The """"""""Partnership in Neuroscience Education"""""""" will create collections of multimedia resources on specific issues that relate to modern neuroscience research, neurological health and health literacy. The multimedia pieces include high definition video animation of peripheral and central nervous system cells and tissues presented in digital dome planetariums. Shows will also be produced as DVDs, companion video games and interactive media for museum kiosks. Aspects of the stories will be crafted into interactive eBook stories with logic and branching scenarios that teach the user about the fundamental principles and mechanisms of the nervous system. The topics that we plan to develop include, but are not limited, to the following: (1) Pain - something that everyone experiences, but almost no one understands how and where it comes from. (2) Learning and Memory in relationship to both childhood development and healthy insights into the needs of the functioning brain, including sleep. (3) Interactions of the Immune System and the Nervous System. The partnership is realized by the synergistic, coordinated activity of three distinct groups: (A) museums and schools, (B) intellectual partners, (C) production partners. (A) The new project will include the Carnegie Science Center, joined by Winchester Thurston Independent School (enrollment 650) and Pittsburgh Public Schools (enrollment 29,000, nearly 60% African American), as well as special resources like the """"""""Science Rocks"""""""" Mobile Lab (CTSI/CTSA). While complex health and science learning goals are typically studied in middle school, we have found that younger students are very capable of understanding and appreciating the underlying fundamental principles when presented in a manner that is both accessible and meaningful to the child. We believe that building a stronger fundamental understanding of neuroscience early on will dramatically enhance the learning that can be achieved later in middle school. (B) The intellectual and medical partnership include the Clinical and Translational Science Institute at the University of Pittsburgh (a CTSA);Chronic Pain Research Consortium at Duquesne University and the Center for Pain Research, University of Pittsburgh School of Medicine. Additional colleagues from the Duquesne University School of Education, the Liberal Arts College Department of Multimedia, and the Center for Health Care Ethics will participate. Colleagues from the McGowan Institute for Regenerative Medicine, University of Pittsburgh will also contribute their expertise. (C) The production partnership includes our staff of multimedia experts and the Entertainment Technology Center, Carnegie Mellon University. An external advisory committee will provide oversight and guidance. Independent evaluators including Rockman et al will work with us to contribute formative and summative evaluations of audience knowledge and attitudes, as well as a small-scale randomized-control trial.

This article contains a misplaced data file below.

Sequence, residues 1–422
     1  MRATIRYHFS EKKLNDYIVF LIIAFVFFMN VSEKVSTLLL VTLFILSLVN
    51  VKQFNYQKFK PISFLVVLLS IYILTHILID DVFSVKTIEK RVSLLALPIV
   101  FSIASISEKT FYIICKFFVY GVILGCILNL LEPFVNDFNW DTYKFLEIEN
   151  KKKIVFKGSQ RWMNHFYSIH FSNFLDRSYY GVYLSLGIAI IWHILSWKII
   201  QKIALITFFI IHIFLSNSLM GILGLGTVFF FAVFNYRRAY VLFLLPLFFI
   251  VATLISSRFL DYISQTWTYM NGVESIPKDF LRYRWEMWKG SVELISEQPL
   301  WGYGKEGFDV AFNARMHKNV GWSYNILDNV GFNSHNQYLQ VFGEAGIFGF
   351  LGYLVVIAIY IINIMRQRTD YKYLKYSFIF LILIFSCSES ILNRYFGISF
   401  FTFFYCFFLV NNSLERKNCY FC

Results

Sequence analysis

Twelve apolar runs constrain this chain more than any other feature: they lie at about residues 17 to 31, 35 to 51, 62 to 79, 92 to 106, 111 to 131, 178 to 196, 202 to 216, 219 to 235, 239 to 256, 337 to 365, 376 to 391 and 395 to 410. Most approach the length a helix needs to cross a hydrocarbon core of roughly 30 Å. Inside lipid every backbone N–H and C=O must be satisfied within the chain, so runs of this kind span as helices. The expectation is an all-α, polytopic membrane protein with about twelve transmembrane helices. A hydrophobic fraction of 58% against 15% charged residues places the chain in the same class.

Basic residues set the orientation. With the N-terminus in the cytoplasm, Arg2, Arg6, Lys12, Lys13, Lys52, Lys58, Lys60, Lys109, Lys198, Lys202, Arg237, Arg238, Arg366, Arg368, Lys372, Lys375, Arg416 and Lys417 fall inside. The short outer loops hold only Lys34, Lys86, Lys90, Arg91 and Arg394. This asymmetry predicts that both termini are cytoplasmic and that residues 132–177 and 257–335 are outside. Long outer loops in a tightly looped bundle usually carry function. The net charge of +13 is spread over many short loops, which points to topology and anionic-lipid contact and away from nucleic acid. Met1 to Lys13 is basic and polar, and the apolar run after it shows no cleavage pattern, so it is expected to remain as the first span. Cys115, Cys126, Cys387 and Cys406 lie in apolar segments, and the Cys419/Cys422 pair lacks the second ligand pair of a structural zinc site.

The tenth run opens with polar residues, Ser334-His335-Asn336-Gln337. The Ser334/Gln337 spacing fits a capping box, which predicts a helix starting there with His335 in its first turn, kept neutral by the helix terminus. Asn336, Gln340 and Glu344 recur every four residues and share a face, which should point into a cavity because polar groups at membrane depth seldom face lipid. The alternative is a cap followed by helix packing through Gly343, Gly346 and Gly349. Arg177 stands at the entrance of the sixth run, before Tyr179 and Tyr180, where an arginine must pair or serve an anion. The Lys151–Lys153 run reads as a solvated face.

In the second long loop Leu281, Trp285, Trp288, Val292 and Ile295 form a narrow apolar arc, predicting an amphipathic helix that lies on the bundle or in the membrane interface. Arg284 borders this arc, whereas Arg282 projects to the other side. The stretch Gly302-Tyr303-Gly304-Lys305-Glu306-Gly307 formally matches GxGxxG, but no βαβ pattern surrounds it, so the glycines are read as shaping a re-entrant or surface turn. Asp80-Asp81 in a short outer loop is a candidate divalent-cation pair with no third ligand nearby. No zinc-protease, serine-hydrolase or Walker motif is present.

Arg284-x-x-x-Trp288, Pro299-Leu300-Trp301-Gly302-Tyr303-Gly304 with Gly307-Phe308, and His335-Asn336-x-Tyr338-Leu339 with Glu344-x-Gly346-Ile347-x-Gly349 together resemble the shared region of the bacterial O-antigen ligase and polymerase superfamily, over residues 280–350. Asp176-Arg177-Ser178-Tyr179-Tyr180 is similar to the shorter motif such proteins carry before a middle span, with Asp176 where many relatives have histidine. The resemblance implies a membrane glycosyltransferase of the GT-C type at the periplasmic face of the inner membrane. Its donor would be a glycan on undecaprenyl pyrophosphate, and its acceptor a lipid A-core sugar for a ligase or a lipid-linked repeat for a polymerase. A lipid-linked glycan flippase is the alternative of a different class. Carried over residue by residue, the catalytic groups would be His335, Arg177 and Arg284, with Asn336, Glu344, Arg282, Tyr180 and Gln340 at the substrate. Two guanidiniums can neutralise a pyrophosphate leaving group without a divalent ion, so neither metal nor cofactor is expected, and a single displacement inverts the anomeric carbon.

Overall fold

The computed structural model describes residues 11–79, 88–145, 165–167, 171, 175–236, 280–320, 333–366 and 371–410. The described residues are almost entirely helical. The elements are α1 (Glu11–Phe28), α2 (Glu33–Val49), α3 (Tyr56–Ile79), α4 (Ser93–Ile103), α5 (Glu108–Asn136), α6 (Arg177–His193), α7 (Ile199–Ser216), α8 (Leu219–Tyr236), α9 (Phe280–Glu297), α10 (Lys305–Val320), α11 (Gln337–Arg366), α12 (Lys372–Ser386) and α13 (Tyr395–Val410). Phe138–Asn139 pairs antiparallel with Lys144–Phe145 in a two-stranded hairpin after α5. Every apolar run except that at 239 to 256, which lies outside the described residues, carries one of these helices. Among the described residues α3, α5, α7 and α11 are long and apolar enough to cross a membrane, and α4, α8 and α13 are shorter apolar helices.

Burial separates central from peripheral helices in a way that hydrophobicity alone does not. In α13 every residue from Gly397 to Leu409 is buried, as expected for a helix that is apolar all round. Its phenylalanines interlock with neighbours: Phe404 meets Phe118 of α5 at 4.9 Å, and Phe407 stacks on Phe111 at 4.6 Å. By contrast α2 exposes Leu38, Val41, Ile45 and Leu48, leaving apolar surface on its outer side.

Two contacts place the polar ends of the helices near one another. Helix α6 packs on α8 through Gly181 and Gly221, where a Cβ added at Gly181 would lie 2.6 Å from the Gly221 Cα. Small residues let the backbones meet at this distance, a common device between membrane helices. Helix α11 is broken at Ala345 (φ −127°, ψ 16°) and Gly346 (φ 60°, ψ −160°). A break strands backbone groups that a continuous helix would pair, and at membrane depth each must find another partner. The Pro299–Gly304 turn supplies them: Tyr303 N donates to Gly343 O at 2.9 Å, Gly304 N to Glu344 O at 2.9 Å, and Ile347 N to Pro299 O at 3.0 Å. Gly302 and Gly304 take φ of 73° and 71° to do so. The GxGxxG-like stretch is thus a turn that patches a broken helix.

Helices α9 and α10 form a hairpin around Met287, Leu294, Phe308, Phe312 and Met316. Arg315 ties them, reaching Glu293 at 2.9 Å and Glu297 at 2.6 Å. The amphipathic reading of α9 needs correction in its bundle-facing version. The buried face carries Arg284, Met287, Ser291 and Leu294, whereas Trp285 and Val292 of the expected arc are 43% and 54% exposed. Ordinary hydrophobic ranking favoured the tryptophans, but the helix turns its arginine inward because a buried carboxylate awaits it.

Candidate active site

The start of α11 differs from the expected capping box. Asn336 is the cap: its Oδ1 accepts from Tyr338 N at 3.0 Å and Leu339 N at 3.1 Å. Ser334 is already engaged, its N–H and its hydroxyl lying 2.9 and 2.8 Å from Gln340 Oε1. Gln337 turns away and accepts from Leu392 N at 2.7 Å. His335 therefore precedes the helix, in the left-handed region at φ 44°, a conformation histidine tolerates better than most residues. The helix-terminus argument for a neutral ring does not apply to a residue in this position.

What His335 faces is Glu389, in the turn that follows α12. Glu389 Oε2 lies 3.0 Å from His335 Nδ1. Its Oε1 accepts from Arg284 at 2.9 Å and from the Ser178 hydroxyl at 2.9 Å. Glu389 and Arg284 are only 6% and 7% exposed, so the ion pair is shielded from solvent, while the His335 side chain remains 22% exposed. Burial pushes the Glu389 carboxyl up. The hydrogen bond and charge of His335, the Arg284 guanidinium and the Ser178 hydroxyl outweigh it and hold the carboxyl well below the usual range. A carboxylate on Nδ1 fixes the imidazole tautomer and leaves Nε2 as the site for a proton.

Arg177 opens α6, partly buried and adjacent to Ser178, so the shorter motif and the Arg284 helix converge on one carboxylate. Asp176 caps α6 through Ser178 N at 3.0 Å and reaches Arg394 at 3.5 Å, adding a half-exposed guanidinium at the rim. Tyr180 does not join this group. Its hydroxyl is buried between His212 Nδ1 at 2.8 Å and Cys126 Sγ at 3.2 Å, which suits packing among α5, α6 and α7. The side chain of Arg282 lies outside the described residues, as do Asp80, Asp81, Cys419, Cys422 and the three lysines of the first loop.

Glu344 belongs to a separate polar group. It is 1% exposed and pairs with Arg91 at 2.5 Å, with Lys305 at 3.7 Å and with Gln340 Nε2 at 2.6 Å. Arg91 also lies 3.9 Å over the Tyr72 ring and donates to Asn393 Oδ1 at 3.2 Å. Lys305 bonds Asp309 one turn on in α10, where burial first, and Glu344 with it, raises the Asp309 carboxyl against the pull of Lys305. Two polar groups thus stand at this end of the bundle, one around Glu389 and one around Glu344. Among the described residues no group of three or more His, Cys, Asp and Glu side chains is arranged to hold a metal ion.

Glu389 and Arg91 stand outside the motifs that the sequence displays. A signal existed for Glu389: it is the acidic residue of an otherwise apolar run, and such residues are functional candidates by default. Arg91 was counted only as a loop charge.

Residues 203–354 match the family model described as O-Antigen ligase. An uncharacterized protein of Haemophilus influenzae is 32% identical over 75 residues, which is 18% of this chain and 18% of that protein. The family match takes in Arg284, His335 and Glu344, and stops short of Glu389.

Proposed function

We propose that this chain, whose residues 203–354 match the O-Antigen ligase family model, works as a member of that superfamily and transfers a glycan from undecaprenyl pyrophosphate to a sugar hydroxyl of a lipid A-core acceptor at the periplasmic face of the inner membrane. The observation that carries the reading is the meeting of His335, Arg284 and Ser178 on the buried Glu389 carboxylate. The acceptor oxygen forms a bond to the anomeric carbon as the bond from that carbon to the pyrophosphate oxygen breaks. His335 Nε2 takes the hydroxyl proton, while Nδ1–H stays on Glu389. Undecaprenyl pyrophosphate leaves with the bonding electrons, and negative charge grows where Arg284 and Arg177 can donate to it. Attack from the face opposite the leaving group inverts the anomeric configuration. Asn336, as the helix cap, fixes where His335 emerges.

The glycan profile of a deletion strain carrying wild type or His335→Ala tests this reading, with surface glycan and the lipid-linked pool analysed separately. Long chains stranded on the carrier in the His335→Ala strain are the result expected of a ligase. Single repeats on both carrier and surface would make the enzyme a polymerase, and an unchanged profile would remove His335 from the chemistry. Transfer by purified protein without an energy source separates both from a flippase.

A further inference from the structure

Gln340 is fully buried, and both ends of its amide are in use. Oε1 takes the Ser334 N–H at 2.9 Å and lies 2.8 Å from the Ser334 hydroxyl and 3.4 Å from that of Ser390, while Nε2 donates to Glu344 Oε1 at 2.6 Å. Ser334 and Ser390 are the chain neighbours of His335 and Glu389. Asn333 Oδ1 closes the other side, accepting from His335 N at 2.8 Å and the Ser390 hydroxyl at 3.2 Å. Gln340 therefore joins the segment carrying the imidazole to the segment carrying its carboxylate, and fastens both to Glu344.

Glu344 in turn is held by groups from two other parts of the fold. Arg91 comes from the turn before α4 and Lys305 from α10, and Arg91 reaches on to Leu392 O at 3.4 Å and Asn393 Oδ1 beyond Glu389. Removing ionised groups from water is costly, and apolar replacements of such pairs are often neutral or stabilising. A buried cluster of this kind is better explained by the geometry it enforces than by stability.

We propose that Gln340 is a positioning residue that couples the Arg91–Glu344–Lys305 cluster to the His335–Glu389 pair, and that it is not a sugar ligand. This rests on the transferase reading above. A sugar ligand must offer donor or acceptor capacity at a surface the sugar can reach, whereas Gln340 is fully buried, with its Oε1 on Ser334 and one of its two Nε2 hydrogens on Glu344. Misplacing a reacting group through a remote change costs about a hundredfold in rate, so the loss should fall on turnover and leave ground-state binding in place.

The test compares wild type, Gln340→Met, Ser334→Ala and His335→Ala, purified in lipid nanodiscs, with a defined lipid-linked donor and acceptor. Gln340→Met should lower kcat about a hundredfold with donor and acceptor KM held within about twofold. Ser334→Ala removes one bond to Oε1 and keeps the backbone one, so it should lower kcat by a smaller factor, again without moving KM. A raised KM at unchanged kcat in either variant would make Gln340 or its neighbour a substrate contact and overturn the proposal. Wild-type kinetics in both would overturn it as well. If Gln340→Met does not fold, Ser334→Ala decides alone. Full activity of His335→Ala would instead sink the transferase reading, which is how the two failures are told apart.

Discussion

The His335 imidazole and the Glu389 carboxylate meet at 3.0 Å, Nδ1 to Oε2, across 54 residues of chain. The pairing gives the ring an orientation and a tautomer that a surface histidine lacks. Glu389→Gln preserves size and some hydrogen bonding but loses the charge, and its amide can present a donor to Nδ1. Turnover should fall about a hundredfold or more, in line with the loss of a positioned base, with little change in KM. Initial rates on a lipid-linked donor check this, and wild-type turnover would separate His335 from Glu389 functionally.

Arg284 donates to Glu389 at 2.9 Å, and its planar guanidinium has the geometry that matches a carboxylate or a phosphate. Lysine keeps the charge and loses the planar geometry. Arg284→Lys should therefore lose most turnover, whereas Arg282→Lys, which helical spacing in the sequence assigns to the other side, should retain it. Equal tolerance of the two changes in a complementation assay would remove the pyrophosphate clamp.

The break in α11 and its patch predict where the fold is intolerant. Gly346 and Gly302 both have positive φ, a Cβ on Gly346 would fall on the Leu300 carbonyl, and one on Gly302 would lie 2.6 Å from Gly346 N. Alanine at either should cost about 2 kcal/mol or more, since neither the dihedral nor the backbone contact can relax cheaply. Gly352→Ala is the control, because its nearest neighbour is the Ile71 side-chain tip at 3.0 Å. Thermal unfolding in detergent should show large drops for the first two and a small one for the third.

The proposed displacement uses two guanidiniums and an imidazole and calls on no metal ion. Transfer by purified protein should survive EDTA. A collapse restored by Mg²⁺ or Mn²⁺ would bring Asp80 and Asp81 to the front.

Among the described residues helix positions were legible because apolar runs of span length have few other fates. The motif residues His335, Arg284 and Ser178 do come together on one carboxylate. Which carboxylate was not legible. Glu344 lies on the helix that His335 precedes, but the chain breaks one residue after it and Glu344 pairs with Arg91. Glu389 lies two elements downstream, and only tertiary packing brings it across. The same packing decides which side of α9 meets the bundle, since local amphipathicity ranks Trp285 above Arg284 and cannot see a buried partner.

The films, games and eBooks that we produce will foster student interest and continued participation in reading and research regarding neuroscience and the biology of the brain. By letting young people and the public at- large have access to understandable, yet cutting edge-science, we will show them that they can fully grasp what may have seemed incomprehensible. The relevance of this increased understanding is that it will lead to an increase in confidence - confidence not only for understanding biomedical subject matter, but also confidence to talk with one's physician, confidence to be a health literacy advocate, and confidence to develop a career path in medicine and science.
|Kolber, Benedict J; Janjic, Jelena M; Pollock, John A et al. (2016) Summer undergraduate research: A new pipeline for pain clinical practice and research. BMC Med Educ 16:135|